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"Anyone but You" isn't much of anything but "eh," and "eh" is a mere two-letter word.

Based, loosely, on some old play by Shakespeare, director and co-writer Will Gluck's "Much Ado About Nothing" riff was filmed in Australia and stars Glen Powell as Ben and Sydney Sweeney as Bea, the Benedick and Beatrice equivalents. They meet cute at a coffee shop, have a lovely getting-to-know-you evening, separate at dawn under tense, hurtful circumstances, and then reunite uneasily when the Sweeney character's sister announces a destination wedding near Sydney (Australia, not Sweeney), to which both Bea and Ben are invited.

Ben works at home (something to do with money, never explained) and lives in what Bea notes is the kind of sleek, un-mussed condo favored by sociopaths and serial killers. Bea is a conflicted lawyer-in-training who recently dumped her longtime boyfriend (Darren Barnet). Bea has dropped out of law school but hasn't yet told her parents (played by Dermot Mulroney and ensemble highlight Rachel Griffiths).

Deceptions multiply at the coastal house they're all sharing for the weekend, family and American guests of the family alike. Exes pop up, both Bea and Ben's (Charlee Fraser plays Ben's summer-fling surfer lover). The brides-to-be — played by Alexandra Shipp and Hadley Robinson — don't want the squabbling Bea and Ben to mess up their nuptials, so "Anyone but You" sets up strategically overheard conversations, a la Shakespeare, designed to make Bea and Ben think they're secretly sweet on each other. They're onto it soon enough, but decide to play along and pretend they're a couple after all just to avoid trouble.

Workable in theory. This kind of thing has worked for centuries if done with panache, or in this case, panache plus references to "those two (expletives)." But romantic comedy has little need for theory. It's the practice, the execution, that counts, and often it's about undefinables: charm, wit, sincerity and feeling bubbling up at odd and telling moments. The gorgeous moment in Shakespeare's play when Beatrice glances on her romantic history with Benedick, mentioning he won her heart "with false dice" — it's gold. An actor can find a thousand different ways to interpret it. And without that moment, everything else in the plot matters less.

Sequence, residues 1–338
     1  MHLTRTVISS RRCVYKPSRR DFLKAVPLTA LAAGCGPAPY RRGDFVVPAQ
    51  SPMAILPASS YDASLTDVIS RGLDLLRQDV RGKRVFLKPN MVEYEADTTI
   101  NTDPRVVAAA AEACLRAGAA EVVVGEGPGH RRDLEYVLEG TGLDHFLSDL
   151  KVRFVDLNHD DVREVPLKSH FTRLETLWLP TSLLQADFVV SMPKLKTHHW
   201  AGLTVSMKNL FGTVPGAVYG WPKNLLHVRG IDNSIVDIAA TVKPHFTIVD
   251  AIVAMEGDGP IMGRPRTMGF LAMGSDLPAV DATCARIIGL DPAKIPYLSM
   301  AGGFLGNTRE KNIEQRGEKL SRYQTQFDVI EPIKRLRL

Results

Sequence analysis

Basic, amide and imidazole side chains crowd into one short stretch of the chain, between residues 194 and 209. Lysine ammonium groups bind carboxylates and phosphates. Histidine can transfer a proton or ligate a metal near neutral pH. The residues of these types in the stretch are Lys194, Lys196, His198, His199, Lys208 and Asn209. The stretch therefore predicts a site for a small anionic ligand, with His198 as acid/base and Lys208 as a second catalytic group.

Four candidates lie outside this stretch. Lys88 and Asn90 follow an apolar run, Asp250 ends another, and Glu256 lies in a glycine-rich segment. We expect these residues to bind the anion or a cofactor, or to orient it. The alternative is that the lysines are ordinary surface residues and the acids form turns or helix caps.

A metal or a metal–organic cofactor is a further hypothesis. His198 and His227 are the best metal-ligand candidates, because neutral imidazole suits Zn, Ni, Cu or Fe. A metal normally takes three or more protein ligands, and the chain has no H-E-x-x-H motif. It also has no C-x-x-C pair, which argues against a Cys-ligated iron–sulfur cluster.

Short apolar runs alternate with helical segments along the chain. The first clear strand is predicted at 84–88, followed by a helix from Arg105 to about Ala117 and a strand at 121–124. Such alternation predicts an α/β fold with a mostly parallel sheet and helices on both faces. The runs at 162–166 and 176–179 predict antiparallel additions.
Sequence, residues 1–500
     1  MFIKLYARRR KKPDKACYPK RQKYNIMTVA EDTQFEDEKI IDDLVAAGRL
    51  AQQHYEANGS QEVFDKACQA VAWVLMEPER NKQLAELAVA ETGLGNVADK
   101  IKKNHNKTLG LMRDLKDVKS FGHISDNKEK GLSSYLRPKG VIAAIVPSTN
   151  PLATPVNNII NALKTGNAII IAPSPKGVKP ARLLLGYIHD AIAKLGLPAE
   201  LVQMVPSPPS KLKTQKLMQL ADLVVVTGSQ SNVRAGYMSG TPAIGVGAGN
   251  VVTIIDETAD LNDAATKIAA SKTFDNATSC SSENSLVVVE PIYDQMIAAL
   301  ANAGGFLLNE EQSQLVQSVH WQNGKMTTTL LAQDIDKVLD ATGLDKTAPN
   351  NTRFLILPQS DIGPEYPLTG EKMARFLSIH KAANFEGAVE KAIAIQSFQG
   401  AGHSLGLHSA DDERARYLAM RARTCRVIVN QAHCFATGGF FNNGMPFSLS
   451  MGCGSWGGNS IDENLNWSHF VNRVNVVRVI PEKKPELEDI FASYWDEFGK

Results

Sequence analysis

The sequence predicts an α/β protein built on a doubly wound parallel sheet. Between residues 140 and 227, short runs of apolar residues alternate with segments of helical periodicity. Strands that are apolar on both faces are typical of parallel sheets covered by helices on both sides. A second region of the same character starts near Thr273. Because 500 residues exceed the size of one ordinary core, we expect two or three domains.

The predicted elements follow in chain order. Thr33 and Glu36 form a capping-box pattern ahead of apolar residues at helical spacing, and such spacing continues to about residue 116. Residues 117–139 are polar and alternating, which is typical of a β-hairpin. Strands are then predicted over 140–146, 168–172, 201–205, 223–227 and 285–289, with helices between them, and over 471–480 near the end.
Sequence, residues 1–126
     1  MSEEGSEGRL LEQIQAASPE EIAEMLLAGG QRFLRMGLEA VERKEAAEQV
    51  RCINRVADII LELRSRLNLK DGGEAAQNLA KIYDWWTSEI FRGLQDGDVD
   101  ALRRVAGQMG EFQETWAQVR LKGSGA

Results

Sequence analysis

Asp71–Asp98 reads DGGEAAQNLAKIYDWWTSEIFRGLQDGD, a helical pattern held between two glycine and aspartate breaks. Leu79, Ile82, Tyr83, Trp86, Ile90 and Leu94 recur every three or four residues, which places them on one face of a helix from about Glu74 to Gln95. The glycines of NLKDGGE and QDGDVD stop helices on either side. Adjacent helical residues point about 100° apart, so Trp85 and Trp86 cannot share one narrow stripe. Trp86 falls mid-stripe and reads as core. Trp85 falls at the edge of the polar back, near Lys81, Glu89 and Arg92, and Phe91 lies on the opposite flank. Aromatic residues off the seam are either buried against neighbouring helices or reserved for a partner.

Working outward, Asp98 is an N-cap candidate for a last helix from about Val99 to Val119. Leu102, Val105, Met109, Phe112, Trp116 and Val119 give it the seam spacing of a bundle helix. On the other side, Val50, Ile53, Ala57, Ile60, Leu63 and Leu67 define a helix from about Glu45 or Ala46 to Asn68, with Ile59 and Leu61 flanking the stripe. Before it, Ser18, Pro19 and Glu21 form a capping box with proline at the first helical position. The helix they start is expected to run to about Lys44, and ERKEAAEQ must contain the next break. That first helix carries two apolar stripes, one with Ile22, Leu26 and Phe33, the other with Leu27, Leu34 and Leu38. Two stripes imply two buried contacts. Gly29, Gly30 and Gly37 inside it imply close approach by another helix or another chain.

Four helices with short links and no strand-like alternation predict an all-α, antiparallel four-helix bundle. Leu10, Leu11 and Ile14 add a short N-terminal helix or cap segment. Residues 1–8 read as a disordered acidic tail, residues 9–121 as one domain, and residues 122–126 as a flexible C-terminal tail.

"Anyone but You" settles for less. It's a movie about getting Powell and his abs into or out of his underwear often enough for diversion's sake. Or getting Sweeney into another round of beachwear, or ready for her close-ups of confusion, contempt, repressed yet dizzying lust. Lines from Shakespeare's 1599 text — still a pip, by the way — pop up on screen ("Assume thy part in some disguise"; "a skirmish of wit").

It's fun to see Bryan Brown and Michelle Hurd as the Shipp character's parents. As for the leads: Powell is an interesting case of a solid, versatile performer who has yet to fully emerge on screen. He's pretty good at a lot of different things; clearly he knows a fair bit about heightened, style-dependent comedy, having succeeded in Richard Linklater's eccentric, 1980s-set "Everybody Wants Some!" which was handled like Restoration comedy with a Texas spin.

Here in a leading role, after strong support work in "Top Gun: Maverick," Powell sticks to the same two or three notes in the key of smug. That's how Ben is written, so an actor would have to do a lot of work on his own to transcend the limitations. Meantime Sweeney goes her own way, gamely leaning into the physical comedy (Bea's accident-prone) while deadpanning most of her retorts. Sweeney has talent, in many directions. Verbal sparring, at this point, is not one of them.

Despite the scenery, both geographic and human, it feels as if Gluck and company are attempting to win our hearts with false dice, and headliners who may be as photogenic as the Sydney Opera House we keep seeing in the background. But photogenic isn't the same thing as beguiling. "Anyone but You" isn't terrible, or a travesty. It's ehnother thing ehltogether.

'Anyone but You'
2 stars out of 4
Rated: R for language throughout, sexual content and brief graphic nudity
Where: In theaters Friday